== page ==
AN AUDIOLOGIST from Lymington has returned from a successful trip to Armenia providing hearing aids - and he was joined by Elton John. a second hearing mission with Starkey Hearing Technologies. And he was joined this time by Elton John.

Brian Tilley from All Ears Hearing Centre in the New Forest town was invited by Starkey Hearing Technologies to take part in the project.

He joined 14 other hearing audiologists from across the UK and Ireland - and a six-strong team from the hearing device manufacturer’s European headquarters in Cheshire.

Brian travelled 2,400 miles to Yerevan, the capital of Armenia as part of the worldwide Starkey Hearing Foundation initiative, which has provided more than 1.9 million hearing devices in more than 100 countries.

High-profile supporters include Richard Branson and Bill Clinton as well as Elton John, who joined this time with David Furnish.

An initial visit was undertaken by Starkey last summer to carry out hearing screening tests and take ear impressions to identify recipients.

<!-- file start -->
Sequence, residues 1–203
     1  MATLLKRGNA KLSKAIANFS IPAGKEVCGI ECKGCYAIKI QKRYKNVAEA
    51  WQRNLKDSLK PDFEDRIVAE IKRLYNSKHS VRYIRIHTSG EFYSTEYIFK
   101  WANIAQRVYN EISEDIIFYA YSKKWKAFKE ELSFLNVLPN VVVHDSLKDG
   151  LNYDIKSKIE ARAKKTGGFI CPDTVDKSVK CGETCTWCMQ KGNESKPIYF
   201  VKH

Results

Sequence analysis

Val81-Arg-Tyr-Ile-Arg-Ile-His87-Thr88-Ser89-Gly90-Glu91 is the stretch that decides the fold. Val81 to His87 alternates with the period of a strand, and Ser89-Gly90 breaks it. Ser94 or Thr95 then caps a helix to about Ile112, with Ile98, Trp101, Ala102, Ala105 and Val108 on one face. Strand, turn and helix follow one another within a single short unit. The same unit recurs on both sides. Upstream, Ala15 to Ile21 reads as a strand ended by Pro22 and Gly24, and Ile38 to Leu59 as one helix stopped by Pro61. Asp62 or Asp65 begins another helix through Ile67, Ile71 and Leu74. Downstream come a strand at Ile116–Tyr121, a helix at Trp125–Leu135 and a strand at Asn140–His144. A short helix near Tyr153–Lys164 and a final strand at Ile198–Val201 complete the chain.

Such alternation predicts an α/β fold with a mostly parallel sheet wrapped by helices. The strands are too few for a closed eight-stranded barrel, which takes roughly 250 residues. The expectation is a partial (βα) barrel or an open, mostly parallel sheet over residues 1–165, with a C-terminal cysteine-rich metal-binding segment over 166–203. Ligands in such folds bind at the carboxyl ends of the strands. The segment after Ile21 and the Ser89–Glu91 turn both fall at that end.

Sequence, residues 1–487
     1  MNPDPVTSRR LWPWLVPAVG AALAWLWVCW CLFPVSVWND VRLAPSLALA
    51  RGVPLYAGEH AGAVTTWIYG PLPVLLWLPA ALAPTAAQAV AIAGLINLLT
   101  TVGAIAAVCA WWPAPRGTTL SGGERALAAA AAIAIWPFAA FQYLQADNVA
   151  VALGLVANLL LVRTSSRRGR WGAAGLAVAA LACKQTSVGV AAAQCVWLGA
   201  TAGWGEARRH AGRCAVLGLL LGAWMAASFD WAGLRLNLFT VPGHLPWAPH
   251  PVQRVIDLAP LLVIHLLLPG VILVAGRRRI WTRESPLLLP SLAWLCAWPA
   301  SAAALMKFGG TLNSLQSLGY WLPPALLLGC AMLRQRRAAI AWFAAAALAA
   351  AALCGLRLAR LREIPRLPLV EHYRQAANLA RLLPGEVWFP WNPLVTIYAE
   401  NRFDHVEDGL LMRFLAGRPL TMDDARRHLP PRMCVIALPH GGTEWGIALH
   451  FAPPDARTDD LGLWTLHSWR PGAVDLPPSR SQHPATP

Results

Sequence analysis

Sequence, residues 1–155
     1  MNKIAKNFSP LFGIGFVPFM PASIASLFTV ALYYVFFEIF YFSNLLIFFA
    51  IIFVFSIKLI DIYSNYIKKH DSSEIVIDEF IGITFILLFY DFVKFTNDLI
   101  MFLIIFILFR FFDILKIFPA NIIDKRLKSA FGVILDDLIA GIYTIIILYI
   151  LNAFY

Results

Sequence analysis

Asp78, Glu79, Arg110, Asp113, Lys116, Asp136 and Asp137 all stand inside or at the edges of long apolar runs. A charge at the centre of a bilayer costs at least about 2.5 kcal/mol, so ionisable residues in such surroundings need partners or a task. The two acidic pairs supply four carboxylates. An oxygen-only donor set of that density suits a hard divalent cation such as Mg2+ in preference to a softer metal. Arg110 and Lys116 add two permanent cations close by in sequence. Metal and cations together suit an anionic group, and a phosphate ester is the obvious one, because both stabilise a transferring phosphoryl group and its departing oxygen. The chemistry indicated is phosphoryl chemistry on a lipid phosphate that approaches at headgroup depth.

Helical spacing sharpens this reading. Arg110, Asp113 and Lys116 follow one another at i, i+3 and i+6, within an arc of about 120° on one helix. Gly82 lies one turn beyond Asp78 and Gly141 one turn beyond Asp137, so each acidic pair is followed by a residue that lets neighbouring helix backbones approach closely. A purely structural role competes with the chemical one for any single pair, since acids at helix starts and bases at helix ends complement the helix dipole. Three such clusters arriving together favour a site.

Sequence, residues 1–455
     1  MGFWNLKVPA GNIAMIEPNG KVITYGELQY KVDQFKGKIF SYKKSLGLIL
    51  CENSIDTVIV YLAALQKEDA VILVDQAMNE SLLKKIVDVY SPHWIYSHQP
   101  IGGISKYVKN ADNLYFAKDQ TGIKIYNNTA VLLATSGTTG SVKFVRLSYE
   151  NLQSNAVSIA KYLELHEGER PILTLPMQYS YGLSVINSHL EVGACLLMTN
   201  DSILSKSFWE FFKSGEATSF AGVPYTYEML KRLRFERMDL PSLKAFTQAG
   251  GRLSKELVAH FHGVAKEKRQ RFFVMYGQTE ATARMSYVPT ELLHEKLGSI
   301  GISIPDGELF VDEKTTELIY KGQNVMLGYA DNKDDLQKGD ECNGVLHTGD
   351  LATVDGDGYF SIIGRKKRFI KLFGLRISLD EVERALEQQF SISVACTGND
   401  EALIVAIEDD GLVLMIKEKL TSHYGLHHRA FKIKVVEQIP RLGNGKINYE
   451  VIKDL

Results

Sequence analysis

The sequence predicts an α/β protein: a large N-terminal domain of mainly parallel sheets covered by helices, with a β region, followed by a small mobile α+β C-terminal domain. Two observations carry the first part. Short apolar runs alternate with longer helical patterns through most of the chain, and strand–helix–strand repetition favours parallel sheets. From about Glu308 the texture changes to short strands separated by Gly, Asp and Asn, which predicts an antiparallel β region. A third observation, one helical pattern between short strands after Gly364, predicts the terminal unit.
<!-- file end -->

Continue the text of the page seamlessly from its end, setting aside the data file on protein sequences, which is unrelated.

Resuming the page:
Then in October, Brian and other audiologist volunteers flew out on phase one of the mission to fit more than 1,800 people with hearing instruments – as well as counselling patients and supporting them with that all-important aftercare.

A subsequent visit will take place this month to build upon the work already undertaken.

“I’m very pleased to be asked back to give the gift of hearing in Armenia," Brian said.

"It is great to be involved in something that means so much more to the recipients who haven’t got the facilities in the own communities.

“This is proof that the Starkey Hearing Foundation doesn’t just visit once and leave with no support, it shows that what is given is for the long term with aftercare provided.

"When we last visited we fitted more than 1,800 people with hearing aids and that only scratched the surface. It’s wonderful to be involved in continuing the support of the Armenian people.”

According the World Health Organisation, more than 360 million people have disabling hearing loss, with the greatest number living in developing countries. Unfortunately, less than three per cent can afford hearing aids or access to care.